This desire for Australian partnership in its military adventures fits neatly with Australia’s “fear of abandonment”, the deeply-rooted, residual perception that Australia needs the protection of a powerful friend. This perception is nurtured by constant references to the (exaggerated) idea that the US “saved” Australia during World War II, obliging us to give it unflinching and unquestioning loyalty.
IPAN has repeatedly asked the government to explain the reasons for the presence of the US marines. Numerous letters have been exchanged, and questions asked in Senate Estimates.
In IPAN’s view, the answers given have been consistently flimsy and inadequate. There is absolutely no threat to Australia’s security at present, so there is no need for the presence of any foreign forces.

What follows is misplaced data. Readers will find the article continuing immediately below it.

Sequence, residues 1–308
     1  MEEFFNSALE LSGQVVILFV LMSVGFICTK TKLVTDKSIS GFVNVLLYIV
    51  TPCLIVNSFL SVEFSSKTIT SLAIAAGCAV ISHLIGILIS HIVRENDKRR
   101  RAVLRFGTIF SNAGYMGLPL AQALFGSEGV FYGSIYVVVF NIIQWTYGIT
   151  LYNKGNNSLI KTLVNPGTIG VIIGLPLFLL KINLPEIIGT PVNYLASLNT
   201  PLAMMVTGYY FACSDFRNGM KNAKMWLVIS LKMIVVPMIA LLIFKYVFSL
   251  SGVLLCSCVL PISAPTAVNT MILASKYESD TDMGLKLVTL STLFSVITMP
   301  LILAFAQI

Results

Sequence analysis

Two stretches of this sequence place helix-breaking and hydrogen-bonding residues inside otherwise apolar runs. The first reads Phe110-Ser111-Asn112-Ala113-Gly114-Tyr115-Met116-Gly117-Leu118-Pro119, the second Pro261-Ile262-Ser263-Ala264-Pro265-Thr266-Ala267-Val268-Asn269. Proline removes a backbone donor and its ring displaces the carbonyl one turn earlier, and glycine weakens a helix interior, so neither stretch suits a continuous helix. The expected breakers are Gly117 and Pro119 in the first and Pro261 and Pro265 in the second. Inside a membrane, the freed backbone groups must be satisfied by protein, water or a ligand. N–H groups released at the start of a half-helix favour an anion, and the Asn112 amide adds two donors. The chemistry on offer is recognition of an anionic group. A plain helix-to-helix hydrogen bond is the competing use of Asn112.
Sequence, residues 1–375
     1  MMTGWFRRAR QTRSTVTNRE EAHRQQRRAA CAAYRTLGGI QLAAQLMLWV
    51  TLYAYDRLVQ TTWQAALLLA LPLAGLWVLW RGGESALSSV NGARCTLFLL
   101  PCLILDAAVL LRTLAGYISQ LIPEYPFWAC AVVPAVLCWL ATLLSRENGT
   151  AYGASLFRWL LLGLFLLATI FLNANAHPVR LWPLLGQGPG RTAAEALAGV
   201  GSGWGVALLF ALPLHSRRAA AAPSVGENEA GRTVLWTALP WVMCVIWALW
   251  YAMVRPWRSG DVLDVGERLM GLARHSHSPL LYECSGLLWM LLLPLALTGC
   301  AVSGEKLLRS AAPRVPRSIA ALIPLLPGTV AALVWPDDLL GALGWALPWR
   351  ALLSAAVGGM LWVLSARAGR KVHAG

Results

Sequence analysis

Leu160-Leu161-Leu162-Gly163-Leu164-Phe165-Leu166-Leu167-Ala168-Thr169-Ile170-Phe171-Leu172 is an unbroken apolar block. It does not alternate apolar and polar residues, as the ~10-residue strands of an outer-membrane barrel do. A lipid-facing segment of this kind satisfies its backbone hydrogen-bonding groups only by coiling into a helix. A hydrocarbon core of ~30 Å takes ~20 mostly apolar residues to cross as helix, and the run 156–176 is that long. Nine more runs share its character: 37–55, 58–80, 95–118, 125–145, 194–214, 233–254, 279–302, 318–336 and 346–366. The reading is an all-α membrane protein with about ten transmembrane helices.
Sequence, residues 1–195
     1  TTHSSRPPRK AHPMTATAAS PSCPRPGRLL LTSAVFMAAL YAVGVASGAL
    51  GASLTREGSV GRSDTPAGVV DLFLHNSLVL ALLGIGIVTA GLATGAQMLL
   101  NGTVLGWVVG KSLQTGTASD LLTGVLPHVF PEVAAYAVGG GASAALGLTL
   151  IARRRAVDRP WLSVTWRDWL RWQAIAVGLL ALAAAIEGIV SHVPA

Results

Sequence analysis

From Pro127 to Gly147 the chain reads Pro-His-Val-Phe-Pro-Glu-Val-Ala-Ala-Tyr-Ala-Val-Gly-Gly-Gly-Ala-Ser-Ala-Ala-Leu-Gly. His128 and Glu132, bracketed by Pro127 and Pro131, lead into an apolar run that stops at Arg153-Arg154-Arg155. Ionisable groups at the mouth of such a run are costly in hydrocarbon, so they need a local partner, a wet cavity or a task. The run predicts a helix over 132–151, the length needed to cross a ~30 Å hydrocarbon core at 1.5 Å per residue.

Training together might help the two armies work together, if they have to, but that is not a sufficient reason to invite the permanent presence of US forces. Having them here might “strengthen” the alliance, but it is perfectly strong already, even without a gang of armed foreign soldiers on our shores.
No, it is not just an extension of existing arrangements — it has shifted the relationship into something decidedly unequal.
IPAN argues that there are other considerations that should have been taken into account and debated in the public arena before the decision was taken.
What about the view of Australia from beyond our borders? To the nations in our region this action can only confirm the view that Australia is subservient to the US in all matters military. From the perspective of China, the marine base in Darwin is just another link in the chain of containment that the US is trying to forge around it.
The government and proponents of the marines’ presence argue that the US has been a force for stability and peace in our region and that its continued presence is the only way Australia can remain safe. IPAN, on the other hand, sees the presence of US armed forces as increasing tensions in the region, bringing the possibility of hostilities closer and making Australia less safe than it would be without them.